By Karen Henderson
Never in my wildest dreams did I ever expect to see my father
become incontinent. As hard as it was for me, I admired even
more his dignity in dealing with it.
I was never sure what caused the incontinence to begin.
Dad had prostate cancer for many years. Although his urologist
said this cancer would never kill my father, I suspected the
surgery for it hastened the onset of his incontinence. His
dementia completed the process.
While my father was still at home, the problem was manageable
through frequent toileting and the occasional diaper for trips.
When he moved to the long term care facility where he died,
we tried a continence retraining program which seemed to help
for a while. But his incontinence progressed as his dementia
did; and he became incontinent of both bladder and bowel.
How did I cope? I guess I was been lucky; it was never
a problem for me to assist in changing his diaper. But then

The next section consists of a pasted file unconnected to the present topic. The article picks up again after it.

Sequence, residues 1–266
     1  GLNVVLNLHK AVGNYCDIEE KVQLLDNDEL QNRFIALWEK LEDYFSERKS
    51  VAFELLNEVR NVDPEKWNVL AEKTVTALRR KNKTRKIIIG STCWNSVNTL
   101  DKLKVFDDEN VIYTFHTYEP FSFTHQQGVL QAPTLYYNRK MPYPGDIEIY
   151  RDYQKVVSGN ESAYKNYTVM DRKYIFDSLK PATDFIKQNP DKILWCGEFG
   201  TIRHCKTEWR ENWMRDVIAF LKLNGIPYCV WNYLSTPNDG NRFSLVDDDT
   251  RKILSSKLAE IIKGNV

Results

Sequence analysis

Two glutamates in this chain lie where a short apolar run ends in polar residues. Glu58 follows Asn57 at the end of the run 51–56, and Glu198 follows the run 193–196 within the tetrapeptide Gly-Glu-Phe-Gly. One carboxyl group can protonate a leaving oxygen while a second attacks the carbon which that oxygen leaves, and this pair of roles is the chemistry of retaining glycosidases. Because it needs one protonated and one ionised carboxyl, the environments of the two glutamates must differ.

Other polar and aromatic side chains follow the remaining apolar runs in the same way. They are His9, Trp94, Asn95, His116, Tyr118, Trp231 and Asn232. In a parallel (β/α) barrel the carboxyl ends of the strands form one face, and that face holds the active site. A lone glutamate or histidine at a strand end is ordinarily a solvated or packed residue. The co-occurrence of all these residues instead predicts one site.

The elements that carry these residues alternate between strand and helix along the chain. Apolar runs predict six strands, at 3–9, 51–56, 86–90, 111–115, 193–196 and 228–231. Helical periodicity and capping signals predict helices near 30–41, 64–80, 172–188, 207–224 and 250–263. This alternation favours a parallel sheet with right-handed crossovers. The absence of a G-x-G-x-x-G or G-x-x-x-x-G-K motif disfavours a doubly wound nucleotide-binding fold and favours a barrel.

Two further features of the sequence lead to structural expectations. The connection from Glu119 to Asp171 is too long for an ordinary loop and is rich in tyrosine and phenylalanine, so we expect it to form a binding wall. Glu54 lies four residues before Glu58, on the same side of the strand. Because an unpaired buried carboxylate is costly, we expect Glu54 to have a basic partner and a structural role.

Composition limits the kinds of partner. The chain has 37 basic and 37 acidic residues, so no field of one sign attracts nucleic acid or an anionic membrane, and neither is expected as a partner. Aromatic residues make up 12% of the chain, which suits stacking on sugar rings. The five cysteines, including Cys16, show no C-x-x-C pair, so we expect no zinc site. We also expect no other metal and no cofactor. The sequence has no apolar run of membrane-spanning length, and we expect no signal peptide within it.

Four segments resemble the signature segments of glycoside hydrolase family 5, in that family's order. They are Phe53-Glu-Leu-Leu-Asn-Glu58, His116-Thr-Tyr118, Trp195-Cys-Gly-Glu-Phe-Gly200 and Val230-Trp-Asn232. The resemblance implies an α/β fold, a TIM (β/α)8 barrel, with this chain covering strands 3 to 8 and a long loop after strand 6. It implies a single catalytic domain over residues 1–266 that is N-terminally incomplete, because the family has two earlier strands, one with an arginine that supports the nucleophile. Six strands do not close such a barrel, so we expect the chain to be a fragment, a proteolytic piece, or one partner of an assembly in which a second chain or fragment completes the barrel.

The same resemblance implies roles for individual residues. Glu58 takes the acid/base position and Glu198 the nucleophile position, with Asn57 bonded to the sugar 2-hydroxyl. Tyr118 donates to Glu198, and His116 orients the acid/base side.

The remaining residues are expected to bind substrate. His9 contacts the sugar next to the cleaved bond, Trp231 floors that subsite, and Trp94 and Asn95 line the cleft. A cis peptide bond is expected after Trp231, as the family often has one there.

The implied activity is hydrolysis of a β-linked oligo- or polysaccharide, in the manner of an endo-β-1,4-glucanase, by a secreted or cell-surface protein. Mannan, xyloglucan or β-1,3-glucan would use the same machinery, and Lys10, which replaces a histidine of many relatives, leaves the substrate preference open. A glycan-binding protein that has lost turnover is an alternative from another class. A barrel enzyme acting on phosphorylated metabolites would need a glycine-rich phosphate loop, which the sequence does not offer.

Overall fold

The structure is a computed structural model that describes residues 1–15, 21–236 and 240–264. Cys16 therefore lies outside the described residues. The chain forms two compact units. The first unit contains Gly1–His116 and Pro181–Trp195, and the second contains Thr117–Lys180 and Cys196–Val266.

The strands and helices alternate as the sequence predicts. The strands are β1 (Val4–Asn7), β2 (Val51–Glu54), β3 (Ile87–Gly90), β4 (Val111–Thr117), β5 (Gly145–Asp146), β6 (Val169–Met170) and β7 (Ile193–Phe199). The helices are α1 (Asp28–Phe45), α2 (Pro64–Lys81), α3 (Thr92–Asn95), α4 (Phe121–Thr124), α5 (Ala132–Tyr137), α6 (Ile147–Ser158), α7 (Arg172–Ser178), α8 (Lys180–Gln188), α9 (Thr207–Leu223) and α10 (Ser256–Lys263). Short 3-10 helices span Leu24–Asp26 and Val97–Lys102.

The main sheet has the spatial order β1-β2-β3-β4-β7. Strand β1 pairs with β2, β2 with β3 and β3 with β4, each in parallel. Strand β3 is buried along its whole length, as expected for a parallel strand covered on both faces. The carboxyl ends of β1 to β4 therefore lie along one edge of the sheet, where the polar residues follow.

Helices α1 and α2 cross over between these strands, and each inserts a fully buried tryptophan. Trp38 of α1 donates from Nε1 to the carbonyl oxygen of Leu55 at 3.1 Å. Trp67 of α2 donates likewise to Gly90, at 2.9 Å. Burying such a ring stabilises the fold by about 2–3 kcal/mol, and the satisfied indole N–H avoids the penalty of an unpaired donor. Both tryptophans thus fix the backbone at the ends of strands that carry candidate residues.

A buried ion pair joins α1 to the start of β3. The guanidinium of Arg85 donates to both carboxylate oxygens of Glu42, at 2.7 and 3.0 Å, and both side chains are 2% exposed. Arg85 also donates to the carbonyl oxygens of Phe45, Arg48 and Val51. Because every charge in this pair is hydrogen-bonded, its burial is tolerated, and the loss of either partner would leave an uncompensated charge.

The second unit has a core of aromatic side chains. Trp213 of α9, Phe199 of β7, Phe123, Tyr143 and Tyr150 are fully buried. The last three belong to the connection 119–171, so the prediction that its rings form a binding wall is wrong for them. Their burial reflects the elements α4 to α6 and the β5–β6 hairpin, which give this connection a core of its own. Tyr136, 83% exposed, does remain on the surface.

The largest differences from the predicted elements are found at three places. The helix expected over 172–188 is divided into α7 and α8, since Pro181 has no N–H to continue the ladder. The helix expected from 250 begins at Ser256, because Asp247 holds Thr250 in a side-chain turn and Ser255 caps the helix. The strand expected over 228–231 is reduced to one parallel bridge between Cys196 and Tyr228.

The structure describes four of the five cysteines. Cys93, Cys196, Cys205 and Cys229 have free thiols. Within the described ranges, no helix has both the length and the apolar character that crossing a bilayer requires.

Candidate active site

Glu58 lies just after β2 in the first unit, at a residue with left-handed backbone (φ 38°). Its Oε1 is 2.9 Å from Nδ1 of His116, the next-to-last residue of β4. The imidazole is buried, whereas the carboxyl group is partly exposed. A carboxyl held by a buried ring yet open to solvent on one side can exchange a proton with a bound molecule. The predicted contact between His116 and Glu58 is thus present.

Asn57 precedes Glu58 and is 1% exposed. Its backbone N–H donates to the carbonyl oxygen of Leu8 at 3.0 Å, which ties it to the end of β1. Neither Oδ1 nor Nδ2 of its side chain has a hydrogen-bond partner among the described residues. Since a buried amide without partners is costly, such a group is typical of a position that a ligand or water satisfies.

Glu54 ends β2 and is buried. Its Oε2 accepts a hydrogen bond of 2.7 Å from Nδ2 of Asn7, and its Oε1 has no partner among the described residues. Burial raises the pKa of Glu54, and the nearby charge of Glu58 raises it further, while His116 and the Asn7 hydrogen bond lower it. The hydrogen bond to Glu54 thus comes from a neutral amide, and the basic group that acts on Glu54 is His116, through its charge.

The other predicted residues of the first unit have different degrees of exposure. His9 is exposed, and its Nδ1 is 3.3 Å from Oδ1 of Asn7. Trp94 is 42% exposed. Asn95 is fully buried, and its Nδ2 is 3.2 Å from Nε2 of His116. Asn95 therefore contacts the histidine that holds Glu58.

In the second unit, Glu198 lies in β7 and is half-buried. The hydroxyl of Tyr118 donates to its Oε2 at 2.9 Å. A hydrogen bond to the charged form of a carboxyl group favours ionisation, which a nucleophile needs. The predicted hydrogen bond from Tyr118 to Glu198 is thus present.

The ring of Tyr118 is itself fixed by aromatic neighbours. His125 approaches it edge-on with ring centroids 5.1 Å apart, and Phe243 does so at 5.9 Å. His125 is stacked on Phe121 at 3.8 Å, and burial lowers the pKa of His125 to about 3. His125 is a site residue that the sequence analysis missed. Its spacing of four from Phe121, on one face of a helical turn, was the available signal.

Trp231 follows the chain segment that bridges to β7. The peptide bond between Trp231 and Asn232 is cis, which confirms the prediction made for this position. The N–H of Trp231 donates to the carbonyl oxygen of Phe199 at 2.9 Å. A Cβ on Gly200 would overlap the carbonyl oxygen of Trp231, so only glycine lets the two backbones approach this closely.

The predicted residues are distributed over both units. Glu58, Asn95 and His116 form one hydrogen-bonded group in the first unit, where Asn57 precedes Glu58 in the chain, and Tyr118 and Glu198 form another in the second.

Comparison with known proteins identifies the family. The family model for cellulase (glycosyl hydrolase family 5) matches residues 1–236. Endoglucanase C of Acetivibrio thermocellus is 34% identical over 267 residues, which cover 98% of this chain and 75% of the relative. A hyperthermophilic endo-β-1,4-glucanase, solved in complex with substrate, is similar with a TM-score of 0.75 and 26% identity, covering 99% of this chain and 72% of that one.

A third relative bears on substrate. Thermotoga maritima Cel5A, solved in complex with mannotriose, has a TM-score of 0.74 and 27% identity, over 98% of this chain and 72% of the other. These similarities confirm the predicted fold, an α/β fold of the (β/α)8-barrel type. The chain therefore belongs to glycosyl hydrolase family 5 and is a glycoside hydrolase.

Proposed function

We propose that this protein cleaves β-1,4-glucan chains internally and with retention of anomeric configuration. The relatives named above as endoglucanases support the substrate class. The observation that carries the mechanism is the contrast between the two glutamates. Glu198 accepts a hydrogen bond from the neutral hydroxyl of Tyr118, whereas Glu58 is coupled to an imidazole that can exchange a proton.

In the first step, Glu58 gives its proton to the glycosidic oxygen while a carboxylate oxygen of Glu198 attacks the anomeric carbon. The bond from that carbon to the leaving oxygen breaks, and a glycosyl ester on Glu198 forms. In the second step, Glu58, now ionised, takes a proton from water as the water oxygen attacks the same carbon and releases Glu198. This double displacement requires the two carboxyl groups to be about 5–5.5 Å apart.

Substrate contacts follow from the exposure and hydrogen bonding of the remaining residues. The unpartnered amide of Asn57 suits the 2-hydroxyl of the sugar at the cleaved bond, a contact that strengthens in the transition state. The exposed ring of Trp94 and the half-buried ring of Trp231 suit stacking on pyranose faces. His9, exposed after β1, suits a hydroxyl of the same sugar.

I never had to do it alone. I always made sure he was
covered with a sheet when changed as he used to be very sensitive
about being naked. When he was more cognizant I turned away
as he was being changed to respect his privacy.
Dealing with incontinence day after day, year after year can
be overwhelming. Some caregivers can handle it; others cannot.
I have learned from full time family caregivers that it often
was the onset of incontinence that ultimately led to placement
in care. If you are feeling like you cannot take it any more,
seek help. Please consider placement; turning over your loved
one to full time care by others can give you a precious gift:
the time to really love, instead of worrying. Think about